From what I understand, Mark is a pretty solid dude as far as customer service and standing by his product. Quick story: I was reading this thread on The Gear Page where this guy had left his pedalboard at a show. He wasn’t asking for handouts or anything, just sympathy. Anyway, the guy was suddenly flooded with offers of spare pedals that people had lying around. Mark from Lava offered to give the guy a free pedalboard wiring kit along with a really nice instrument cable – probably $150-200 worth of cable.

Keep it up, Mark – you’ve definitely got a return customer here.

Sitemeter vs. WordPress stats

According to my Sitemeter graphic at the bottom of the page, I just got my 2500th page hit. However, WordPress stats shows that I have over 3800 hits. I started the WordPress stat plugin several weeks after I started the Sitemeter thing, so what gives? Why would they be so dramatically different?

Cheap Dirt

In my recent pedal purge to fund the amp purchase, I sold pretty much everything that wasn’t nailed down. My current board is pretty sad-looking. I’ve got a tuner, a boost, a DD-20 and a Voodoo Lab Pedal Power 2, which is totally overkill for powering three pedals.

I can get a nice rhythm tone with the boost, but I need something a little meatier for leads. I’m waiting on a Timmy pedal from Paul Cochrane, but there’s a waiting list, and I need some dirt before it’ll be ready.

Thanks to Guitar Center’s 30-day return policy, I decided to go pick up a couple of cheap pedals and give them a test run. I grabbed the Boss SD-1 and the Digitech Bad Monkey. I’ve used both of these before, but not with my current setup. I may keep one of them, but I’ll probably end up returning them both in a couple of weeks.

Any other suggestions for cheapish distortion/overdrive pedals?

Dropbox

I recently received an invite to become a beta tester for Dropbox, a remote storage software solution. Basically, it creates a folder on your computer, and any files/folders that you put in there get uploaded to a main server. This is a very cool service if you have multiple computers that you want to share files between and you don’t want to mess with flash drives. It’s really easy to upload your files and sync multiple computers. It runs on Mac or Windows, and you get 2 GB of free storage.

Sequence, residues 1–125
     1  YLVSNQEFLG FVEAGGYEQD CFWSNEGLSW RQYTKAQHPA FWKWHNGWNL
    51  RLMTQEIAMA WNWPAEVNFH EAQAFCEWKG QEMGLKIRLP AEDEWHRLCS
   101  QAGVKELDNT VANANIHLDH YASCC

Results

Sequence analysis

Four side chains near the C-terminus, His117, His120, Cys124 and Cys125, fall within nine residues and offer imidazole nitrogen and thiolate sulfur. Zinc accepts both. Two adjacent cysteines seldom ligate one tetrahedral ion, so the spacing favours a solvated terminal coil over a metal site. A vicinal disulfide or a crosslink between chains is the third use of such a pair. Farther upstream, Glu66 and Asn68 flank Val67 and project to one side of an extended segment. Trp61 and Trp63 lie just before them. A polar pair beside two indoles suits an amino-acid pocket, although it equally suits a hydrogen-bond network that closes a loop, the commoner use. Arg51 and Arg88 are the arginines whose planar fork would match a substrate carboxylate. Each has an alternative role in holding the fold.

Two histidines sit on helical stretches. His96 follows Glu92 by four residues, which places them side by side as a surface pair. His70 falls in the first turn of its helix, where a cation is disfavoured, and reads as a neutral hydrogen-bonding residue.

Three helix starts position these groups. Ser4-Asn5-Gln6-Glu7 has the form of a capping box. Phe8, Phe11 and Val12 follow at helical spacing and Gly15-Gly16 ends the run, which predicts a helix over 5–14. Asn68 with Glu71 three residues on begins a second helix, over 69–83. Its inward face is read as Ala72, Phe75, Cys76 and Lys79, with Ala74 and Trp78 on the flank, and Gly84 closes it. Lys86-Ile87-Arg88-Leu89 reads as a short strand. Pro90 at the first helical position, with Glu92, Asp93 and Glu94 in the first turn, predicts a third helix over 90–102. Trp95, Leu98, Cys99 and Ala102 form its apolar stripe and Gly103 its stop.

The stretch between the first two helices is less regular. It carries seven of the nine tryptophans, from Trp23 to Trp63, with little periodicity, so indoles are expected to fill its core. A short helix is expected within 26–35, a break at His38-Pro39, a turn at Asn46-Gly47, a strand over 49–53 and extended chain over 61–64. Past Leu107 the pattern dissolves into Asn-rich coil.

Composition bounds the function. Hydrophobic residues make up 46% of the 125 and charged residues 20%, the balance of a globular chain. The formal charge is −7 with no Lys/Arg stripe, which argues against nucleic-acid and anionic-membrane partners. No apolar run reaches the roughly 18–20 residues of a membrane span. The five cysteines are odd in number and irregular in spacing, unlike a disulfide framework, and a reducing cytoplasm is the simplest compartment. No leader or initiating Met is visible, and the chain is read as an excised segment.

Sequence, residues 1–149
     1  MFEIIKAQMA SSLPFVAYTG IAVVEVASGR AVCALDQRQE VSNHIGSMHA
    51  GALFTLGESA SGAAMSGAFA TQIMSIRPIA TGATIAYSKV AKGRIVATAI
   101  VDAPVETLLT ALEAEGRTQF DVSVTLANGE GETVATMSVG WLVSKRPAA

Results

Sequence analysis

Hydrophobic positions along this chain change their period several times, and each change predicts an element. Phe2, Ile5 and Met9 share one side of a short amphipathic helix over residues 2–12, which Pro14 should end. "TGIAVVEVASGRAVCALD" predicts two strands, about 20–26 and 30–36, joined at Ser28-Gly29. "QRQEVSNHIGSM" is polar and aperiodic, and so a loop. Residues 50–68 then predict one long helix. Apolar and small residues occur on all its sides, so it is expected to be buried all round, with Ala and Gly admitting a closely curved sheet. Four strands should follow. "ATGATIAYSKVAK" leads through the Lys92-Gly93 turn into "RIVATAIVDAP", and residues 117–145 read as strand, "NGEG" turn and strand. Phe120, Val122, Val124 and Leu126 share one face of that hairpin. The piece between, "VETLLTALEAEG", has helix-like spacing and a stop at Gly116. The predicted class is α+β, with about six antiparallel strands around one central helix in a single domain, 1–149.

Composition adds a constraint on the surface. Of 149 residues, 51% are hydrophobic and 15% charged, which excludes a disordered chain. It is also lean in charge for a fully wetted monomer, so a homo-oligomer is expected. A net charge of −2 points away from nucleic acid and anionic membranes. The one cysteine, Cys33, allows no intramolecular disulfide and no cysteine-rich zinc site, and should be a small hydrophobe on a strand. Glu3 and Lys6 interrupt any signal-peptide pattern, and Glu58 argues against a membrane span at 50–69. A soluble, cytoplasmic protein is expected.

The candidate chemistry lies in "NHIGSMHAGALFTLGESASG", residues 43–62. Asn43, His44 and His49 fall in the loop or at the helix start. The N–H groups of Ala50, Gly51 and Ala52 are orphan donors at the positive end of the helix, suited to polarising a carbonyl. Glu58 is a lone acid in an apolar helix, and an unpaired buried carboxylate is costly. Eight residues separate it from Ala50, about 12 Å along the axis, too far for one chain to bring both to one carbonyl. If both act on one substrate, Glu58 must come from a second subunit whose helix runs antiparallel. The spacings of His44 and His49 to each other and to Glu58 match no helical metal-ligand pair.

I have 4 invites left if anyone wants to try it out. Leave a comment and I’ll send you one. Don’t post your email address – just enter it in the comment form and I’ll see it.

no guarantees

At this point, I have to assume that everyone knows the situation with the Chapman family. I think it’s safe to say that they are in desperate need of our prayers.

I read about it first thing this morning and it has cast a shadow over my day. I have known who Steven was for a long time, but I never really knew anything about him until Jenny & I started seriously looking into adoption. He and his wife’s passion for adoption is inspiring.

I really don’t have words, but I will simply say that I gave Jack an extra tight squeeze this morning before I left for work.

We don’t get any guarantees in life. We can’t afford to take anything for granted.

CAGED: Connecting Pentatonic Patterns

Continuing from the last post, we’re going to discuss how to connect pentatonic patterns. Let’s look at the first two patterns: C and A.
 

CAGED Pentatonic C & A

If you start at the bottom of the C pattern, play all the way to the top. Slide your pinky up two frets, then descend using the A pattern. Look at the tab to see what I mean.

E------------------------7-10/12-10---------------------------------
B-------------------8-10------------12-10---------------------------
G---------------7-9-----------------------12-9----------------------
D-----------7-9--------------------------------12-9-----------------
A------7-10-----------------------------------------12-10-----------
E-7-10----------------------------------------------------12-10\7---

To really get the relationships of these patterns drilled into your head, try isolation two or three strings at a time like this:

E||  --------7-10/12-10---------  ||
B||  --8-10--------------12-10--  ||
G||. --------------------------- .||
D||. --------------------------- .||
A||  ---------------------------  ||
E||  ---------------------------  ||

Practice this pattern repeatedly until you have completely absorbed it, then move on to the B and G strings, then G and D, etc. Before long, you will be able to play the pattern on all six strings ascending or descending.

Use this same technique on the other patterns, pictured below.

 

Notice that these two sets of scale patterns are identical, even though they are separated by an octave. The first one is in open position, and the second one continues the pattern up the neck.